Press releases are a representation of facts. They are written for the journalists with the hope of publishing. These are a massive opportunity for brands, arts organizations, and businesses to reach out to their target audience via media. The objective of PR is to share your exciting stories with the world. These can be stories about anything from a new appointment to a product launch or an award win.
Today, with the explosion of social media, press releases are seen as somewhat less vital. However, with the digital revolution, revolutionizing the media as we know it, the PRs can still help you secure positive media coverage. They are indeed an incredible way to attract more customers and convert them to customers and boost your profile.
You can write the PRs yourself or have someone from your company do that for you. Alternatively, you can even hire an external supplier, such as a freelancer or a PR agency, to do that for you. However, there are a few common mistakes that most people make when drafting a PR. Let us discuss a few of them here.
The title is not working.
Your press release’s title is the first thing that a journalist will see. Hence, it is vital to ensure that the title is enticing, concise, and provides a complete overview of the study. Your title should be something that encourages the journalist to continue reading.
‘Your PRs should not have very lengthy or detailed titles. Make sure the title is punchy. If possible, use puns to make your title witty. Also, never use cliches in the titles,’ advises Jenny, a content strategist with TBFM, a platform where you can find top reviews, such as the best tandem fishing kayak.
Pitching the wrong audience
Journalists are people like you and me. They have interests, and they speak or write about them. So, you have to look for reporters who find your story interesting and then pitch it to them. It does not necessarily have to be via PR and can be via direct channels or by establishing personal relationships. If you do send a PR, ensure that the title is such that it can grab the attention and for all the right reasons.
Using the same lead and headline for all pitches, irrespective of the audience
Do you believe that sending the same PR announcement will result in bad results? Well, not really! For the wire, a generic press release works fine. For your site, a reformatted version of it can appear on the blog.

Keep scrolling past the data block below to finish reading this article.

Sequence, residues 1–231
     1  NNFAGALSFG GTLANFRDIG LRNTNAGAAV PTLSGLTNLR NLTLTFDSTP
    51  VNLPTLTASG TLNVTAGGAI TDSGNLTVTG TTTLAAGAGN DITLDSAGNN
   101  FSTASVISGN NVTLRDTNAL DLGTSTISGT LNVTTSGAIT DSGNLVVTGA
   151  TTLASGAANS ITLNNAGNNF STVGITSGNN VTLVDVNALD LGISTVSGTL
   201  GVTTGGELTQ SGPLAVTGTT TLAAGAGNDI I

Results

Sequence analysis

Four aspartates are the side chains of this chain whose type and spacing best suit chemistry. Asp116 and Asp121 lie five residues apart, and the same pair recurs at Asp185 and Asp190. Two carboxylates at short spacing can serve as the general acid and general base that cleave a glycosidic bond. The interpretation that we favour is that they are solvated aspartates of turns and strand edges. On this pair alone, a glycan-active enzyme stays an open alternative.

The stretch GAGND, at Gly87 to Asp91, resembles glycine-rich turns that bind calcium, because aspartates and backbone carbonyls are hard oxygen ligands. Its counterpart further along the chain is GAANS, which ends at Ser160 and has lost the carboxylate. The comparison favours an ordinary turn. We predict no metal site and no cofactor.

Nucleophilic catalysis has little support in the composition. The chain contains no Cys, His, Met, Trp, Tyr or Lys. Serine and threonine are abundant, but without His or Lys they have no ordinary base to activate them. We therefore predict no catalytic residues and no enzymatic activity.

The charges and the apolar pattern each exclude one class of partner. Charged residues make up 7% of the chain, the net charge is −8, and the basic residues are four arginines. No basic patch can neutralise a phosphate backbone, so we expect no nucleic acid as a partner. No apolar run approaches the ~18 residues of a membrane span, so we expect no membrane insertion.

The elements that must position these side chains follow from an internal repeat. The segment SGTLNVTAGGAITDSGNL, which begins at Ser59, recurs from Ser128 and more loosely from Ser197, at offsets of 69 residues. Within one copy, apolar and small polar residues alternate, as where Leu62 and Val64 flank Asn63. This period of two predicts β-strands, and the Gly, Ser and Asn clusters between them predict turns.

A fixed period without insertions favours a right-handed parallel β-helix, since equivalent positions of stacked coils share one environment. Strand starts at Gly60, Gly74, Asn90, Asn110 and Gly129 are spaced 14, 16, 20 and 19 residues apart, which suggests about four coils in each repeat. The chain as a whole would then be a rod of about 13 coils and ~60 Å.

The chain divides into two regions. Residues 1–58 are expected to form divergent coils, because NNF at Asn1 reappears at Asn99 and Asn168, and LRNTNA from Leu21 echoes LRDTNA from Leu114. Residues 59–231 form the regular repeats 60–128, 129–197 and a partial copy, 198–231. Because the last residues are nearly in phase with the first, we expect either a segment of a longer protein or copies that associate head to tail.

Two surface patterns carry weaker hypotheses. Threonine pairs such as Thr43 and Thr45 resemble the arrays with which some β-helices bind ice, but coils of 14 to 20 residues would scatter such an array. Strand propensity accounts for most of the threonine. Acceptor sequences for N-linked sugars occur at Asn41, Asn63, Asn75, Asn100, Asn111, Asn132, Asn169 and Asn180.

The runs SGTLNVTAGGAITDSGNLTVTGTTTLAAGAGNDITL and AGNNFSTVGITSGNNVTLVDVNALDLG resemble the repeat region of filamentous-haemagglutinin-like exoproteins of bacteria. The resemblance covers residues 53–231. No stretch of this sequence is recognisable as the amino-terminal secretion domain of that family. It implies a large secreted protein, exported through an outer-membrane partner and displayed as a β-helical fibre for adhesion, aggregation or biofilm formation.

However, you can risk alienating journalists’ networks by using the same PR copy for all pitches without considering the audience.
‘You can elevate your PR coverage by taking the time and customizing your lead or headline when you send it to individual contacts,’ states Stuart, a PR writer who works with Razorhood, a platform with reviews such as the best razor for first time shavers.
It is only about you.
Well, of course, the PR should be about you, but then it should be helpful for your target audience too. So, add some informative quotes, videos, images, facts, statistics, and numbers to elevate the PR’s usefulness.
Your PR is not newsworthy.
Again a prevalent mistake that a lot of businesses make when drafting a PR – They release a PR for everything, regardless of whether it is newsworthy or not.
Julie, a reviewer for MyPlumbersChoice, a platform to look for prevalent plumbing reviews, such as no clog toilets, advises, ‘Before releasing a PR, ask yourself three questions –
If the answer to all three questions is yes, then you have a newsworthy PR, and only then should you take it forward for publishing. If not, you need to brainstorm and think of something more relevant and exciting that people care about.’
Making it an ad (overly promotional)
‘Many a time, we have seen businesses confuse the PRs with advertisements. You cannot have your PRs seem very promotional,’ comments Robert, a reviewer who has written reviews, such as the best fertilizers for palm trees.
See, the fact of the matter is you cannot make your PR overly promotional. They should be newsworthy. When you write a PR, you need to think of unique and exciting ways to associate it with current events.
For instance, if you are announcing a new service or product, tie it with recent news. In the present situation, you can talk about a service that can help people overcome or deal with traumatic pandemic events, such as COVID-19, which can be newsworthy.
Assuming that your audience has more info about the niche than they do
When you are in a niche or industry for a long time, you take most niche-specific information for granted. It is so routine for you that you assume that others know about it too.
However, when you write a PR, you need to write it as explaining to someone who is not from your industry and not well-versed with the ins and outs.
Further, break down the unpopular acronyms when using for the first time in the PR and not use industry jargon that people are not familiar with.
Assuming the audience knows nothing about the niche
See, it is a tricky balance that you need to strike. So, provide the necessary details, but do not go into detail on the topic, believing your audience knows nothing. If you add a lot of detail, it can make the PR very long, and most readers may lose interest.